Various law enforcement agencies in Southern California and North Carolina have deployed an obscure cellphone tracking tool dubbed ‘Fog Reveal,’ sometimes without search warrants, a new investigation by the Associated Press (AP) has revealed.
The tool gave police offers the ability to search billions of records from 250 million mobile devices and harness the ensuing data to create “patterns of life” for each individual, which also included homes and workplaces locations.
Fog Reveal was reportedly created by Virginia-based company Fog Data Science and deployed by US police officers as early as 2018 for criminal investigations.
From a technical standpoint, Fog Reveal relied upon advertising identification numbers gathered from popular smartphone apps that target ads based on a person’s movements and interests. This data was gathered by these companies and then sold to Fog.
According to AP, Fog aggregated the data in a searchable way and created software able to sift through it in an organized manner. It then sold the software in about 40 contracts to roughly 20 agencies, with prices starting at $7,500 a year.
At the time of writing, Fog Reveal is reportedly still being used by several law enforcement agencies.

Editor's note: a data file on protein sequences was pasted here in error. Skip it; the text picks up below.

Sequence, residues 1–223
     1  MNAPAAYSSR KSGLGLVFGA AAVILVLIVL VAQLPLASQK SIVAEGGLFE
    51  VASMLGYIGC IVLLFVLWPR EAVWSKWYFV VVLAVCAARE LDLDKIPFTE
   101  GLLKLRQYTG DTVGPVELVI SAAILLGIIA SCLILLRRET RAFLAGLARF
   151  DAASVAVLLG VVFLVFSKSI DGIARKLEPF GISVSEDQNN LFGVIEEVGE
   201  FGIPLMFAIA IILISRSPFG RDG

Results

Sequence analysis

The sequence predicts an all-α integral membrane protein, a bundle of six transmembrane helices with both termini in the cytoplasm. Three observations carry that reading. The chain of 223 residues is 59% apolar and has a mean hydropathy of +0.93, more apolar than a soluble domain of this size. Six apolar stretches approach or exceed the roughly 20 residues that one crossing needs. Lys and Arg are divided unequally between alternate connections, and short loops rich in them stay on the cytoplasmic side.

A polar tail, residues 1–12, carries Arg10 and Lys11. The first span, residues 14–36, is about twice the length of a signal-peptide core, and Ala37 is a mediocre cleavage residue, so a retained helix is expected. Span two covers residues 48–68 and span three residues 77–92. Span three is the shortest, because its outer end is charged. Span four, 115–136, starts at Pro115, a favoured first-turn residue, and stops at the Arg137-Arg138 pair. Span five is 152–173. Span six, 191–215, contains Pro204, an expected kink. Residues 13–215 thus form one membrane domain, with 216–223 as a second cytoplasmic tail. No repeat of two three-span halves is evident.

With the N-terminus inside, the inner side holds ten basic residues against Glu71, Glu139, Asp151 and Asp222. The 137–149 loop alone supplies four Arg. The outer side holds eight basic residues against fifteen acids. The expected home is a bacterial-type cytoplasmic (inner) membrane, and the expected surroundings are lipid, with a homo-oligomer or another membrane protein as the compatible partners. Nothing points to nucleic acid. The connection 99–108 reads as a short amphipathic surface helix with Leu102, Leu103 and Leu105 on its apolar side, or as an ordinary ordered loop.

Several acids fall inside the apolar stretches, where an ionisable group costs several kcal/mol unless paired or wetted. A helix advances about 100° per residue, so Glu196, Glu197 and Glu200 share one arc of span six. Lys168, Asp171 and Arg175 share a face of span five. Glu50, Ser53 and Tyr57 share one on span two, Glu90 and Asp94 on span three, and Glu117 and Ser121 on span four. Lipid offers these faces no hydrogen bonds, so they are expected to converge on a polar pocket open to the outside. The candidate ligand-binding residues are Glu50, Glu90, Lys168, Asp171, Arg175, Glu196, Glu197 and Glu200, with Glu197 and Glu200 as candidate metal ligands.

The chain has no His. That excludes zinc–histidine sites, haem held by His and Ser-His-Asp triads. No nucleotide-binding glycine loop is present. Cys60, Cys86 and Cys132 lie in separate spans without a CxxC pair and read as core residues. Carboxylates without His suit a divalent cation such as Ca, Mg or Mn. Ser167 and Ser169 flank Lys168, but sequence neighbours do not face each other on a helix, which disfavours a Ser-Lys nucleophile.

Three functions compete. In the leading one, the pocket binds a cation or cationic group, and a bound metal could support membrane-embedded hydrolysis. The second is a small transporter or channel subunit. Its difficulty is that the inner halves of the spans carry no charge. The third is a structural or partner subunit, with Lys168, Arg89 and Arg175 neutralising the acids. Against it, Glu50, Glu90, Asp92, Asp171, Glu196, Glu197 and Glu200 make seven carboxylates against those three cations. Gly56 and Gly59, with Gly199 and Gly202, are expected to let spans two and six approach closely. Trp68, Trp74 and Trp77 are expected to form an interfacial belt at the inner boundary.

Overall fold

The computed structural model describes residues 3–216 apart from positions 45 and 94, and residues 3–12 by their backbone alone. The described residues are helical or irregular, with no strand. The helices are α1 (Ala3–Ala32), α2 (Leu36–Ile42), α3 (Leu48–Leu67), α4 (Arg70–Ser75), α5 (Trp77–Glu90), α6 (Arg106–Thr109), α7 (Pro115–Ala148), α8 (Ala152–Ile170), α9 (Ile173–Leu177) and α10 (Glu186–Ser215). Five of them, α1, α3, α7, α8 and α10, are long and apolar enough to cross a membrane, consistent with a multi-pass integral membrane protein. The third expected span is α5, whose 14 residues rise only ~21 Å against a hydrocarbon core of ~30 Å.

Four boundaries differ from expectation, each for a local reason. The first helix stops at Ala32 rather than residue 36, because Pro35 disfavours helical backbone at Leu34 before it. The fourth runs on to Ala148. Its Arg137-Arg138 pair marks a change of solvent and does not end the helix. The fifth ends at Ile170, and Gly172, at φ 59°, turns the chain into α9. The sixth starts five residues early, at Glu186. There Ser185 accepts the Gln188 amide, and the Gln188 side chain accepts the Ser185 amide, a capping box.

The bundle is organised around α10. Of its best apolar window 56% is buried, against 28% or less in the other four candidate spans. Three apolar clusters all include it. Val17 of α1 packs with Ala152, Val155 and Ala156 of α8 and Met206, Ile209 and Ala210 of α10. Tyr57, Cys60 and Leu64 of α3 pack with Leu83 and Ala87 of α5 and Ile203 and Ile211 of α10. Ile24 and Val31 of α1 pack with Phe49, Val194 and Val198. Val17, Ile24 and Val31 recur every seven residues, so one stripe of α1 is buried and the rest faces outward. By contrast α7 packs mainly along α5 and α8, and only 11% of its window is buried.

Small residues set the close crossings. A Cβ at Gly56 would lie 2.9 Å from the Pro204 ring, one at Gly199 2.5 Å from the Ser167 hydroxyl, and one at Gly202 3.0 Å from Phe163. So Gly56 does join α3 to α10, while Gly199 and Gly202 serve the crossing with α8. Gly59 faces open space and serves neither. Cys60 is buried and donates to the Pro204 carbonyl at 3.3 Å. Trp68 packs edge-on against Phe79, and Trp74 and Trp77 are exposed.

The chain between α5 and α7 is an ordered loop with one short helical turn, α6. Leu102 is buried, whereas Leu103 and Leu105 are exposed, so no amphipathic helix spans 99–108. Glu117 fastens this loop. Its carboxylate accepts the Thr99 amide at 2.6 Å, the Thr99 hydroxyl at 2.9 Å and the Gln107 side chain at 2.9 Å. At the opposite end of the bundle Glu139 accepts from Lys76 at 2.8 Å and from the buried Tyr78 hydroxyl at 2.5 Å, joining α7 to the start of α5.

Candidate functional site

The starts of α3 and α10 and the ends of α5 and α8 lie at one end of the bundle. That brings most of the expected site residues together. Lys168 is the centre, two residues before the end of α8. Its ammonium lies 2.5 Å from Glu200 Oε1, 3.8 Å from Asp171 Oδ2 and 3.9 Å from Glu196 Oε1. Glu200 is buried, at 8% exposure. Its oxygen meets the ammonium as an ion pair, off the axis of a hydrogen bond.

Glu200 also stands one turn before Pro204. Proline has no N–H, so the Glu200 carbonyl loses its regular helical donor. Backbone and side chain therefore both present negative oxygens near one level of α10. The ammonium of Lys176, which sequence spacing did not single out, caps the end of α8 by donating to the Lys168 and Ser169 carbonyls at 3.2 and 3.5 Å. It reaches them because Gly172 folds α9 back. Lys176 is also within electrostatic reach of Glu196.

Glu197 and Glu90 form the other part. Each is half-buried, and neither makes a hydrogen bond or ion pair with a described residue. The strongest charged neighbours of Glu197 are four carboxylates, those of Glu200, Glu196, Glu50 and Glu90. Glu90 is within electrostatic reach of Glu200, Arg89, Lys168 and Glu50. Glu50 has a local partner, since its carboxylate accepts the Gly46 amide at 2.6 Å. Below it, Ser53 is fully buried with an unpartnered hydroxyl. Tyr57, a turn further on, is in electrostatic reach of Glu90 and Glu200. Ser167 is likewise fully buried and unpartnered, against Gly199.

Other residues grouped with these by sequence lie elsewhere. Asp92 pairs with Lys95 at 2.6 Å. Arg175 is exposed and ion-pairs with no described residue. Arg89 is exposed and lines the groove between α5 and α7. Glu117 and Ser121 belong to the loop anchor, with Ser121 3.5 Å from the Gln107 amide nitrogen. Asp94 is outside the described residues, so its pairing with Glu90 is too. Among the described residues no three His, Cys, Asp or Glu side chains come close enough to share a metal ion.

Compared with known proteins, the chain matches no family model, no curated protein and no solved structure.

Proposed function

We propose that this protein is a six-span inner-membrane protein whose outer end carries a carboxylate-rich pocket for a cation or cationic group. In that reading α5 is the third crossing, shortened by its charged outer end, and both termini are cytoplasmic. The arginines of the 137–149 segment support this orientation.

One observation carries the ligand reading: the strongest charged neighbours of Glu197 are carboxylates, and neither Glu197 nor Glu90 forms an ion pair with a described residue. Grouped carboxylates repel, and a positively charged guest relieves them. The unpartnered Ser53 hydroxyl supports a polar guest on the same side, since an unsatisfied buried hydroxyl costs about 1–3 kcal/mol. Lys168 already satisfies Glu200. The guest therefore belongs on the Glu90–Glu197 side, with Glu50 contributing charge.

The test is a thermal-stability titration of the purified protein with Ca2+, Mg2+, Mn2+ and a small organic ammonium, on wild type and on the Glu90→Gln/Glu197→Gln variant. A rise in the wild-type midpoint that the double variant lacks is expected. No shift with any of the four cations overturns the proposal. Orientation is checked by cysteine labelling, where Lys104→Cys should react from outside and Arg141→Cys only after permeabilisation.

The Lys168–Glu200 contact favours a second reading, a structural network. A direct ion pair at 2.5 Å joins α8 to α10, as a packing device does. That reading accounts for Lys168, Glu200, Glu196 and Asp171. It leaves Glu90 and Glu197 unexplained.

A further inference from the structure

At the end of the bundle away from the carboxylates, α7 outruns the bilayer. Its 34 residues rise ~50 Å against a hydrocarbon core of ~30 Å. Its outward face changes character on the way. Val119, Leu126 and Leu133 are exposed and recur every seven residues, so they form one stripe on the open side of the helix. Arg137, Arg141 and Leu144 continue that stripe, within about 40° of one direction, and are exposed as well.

The technology is controversial since, normally, smartphone geolocation data of individuals should only be requested to Google (Android devices) or Apple (iPhones and iPads) by police forces in possession of a warrant released by a court.
Fog defended this claim by arguing that its data is anonymized, with the company not having any way of linking signals back to a specific device or owner.
At the same time, some of the documents obtained by AP suggest police forces may be able to deanonymize the data to identify and locate specific individuals.
The AP investigation relied on public records (including GovSpend and Freedom of Information Act requests) as well as internal emails obtained by the news outlet.
It comes days after the US military and intelligence entities unveiled a new monitoring operation to protect electoral procedures from hacking and disinformation before and during the November midterms elections.